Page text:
Now that we have spanned in front of us a nicely-planned strategy to achieving your resolutions, we can start planning forward: how do we make sure that we don’t lose motivation halfway through the journey? Thankfully, by combining traditional techniques with the ever-developing world of technology, we have the tools to fight the battle this time.
Make Time to Reflect on Your Progress
A French Philosopher by the name of Henri Bergson wrote about how attention (i.e. the intake of information from your or others’ actions) could be converted into memory (a processed, understood and stored version of this information/action), which can then help make the action seem more like second nature. Bergson believes that all memory is like muscle memory, able let us to remember things so naturally, just like swimming or riding a bike. The best way of training ourselves to achieve this is by creating a feedback loop out of our actions.
“Reflective perception is like a circuit, in which the elements, including the perceived object itself, hold each other in a state of mutual tension as in an electrical circuit, so that no disturbance starting from the object can stop on its way and remain in the depths of the mind: it must always find its way back to the object from which it came.” – Henri Bergson, Matière et Memoire, 1896.
By stepping back to observe our progress, firstly we are constantly reminding ourselves of the purpose behind our goals. We also look into our process,evaluating its effectiveness and flaws, simultaneously improving our strategies and methods. Lastly, we are reminded of all the efforts that we have put in, how far we have gone into the journey, and how close we are getting to our desired end goal.
The best way of doing this could be by creating a visual journal or a checklist of completed tasks describing your progress. Seeing our past accomplishments is another way to drive us to do even more going forward.
If your resolution is to be in better shape, for example, don’t forget to take some pictures every now and then. Not only this would help you track your progress over time; it will also help motivate you to do more and to stay on track.
Useful Apps for Self-Motivation
In the current technological world, sometimes the best way of keeping track of things is by placing them at the palm of your hands. Here are some useful apps that could be used to keep track of your adventure, motivate yourself and to stay on course.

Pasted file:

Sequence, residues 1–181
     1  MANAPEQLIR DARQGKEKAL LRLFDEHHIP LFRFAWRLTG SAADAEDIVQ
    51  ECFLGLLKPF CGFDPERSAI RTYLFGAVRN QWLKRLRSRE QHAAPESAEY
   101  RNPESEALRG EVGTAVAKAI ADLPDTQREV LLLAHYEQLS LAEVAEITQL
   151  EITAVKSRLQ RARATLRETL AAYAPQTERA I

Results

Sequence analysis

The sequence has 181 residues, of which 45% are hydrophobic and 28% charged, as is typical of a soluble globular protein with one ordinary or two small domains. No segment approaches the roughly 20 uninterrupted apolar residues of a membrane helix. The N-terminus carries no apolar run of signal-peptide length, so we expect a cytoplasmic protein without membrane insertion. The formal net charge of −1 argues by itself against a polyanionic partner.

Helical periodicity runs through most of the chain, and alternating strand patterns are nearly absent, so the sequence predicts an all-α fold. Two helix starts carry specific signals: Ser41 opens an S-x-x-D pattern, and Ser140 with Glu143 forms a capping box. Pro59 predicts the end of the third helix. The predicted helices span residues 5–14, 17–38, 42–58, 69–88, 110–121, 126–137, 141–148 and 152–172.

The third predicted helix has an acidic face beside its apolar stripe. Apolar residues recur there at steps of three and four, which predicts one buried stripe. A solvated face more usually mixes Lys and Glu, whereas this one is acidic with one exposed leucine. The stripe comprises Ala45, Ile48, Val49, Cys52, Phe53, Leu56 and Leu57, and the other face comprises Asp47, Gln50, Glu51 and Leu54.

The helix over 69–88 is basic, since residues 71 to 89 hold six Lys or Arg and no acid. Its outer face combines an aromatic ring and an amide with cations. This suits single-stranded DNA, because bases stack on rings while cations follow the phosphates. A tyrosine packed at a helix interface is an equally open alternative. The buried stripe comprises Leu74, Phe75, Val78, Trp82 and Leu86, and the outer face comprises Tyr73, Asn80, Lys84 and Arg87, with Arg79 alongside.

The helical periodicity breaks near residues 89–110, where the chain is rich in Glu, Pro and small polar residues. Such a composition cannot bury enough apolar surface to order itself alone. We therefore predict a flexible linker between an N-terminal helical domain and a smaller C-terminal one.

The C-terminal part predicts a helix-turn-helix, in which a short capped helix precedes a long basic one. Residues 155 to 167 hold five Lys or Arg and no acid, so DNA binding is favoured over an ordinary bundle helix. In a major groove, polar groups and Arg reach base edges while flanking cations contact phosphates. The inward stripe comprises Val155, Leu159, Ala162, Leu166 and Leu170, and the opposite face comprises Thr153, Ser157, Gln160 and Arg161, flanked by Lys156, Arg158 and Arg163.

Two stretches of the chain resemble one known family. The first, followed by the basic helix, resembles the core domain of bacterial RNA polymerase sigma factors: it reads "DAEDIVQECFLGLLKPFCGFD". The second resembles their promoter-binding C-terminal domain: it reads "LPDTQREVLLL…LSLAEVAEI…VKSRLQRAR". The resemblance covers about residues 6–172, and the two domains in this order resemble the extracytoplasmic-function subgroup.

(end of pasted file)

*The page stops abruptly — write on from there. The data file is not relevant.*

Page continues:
Habitica is an app based on the gaming concept of RPG (Role-Playing Games), where players (you) get rewarded points for achieving set quests (your goals) of different difficulty levels (daily tasks vs long-term goals). You can also set a list of bad habits that you are looking to stop doing. You will then get rewards for achieving goals or avoiding bad habits, and lose health if you do the opposite.
The points can then be spent on unlockable features, just like in an actual RPG game. And also just like in a game, you can invite your friends to play along with you and set their own goals, as well as battle monsters using your real-life tasks.
Have you ever started writing an essay, and half an hour later, somehow end up scrolling endlessly down your Facebook newsfeed? ForestApp might be just the tool for you if you are looking to improve your grades and productivity, or be completely focused in completing a certain task.
The web and app-based program helps you to stay away from the distraction of the internet by making sure that you stay within its app page. For every 30 minutes that you are able to focus (i.e. avoid going away from the app page), a tree grows within your plot of land. The aim is to build a forest of trees, which represents your efforts in completing your tasks. Leaving the app before the designated 30 minutes will kill the tree that you’re currently growing.
ForestApp on iTunes AppStore, Android, Windows Phone, Chrome and Firefox
Get the satisfaction of swiping ‘Done’ after you’ve accomplished even the smallest task. Balanced allows you to build a list of goals that you would like to achieve, as well as suggestions on potential new targets to achieve, and allows you to set the frequency and level of priority of the activity.
The best part of the app is definitely having a written list of things that you are planning on doing (which is extremely helpful for a busy or just easily-distracted person like myself!), and of course getting that feeling of victory after completing various amounts of tasks within your day.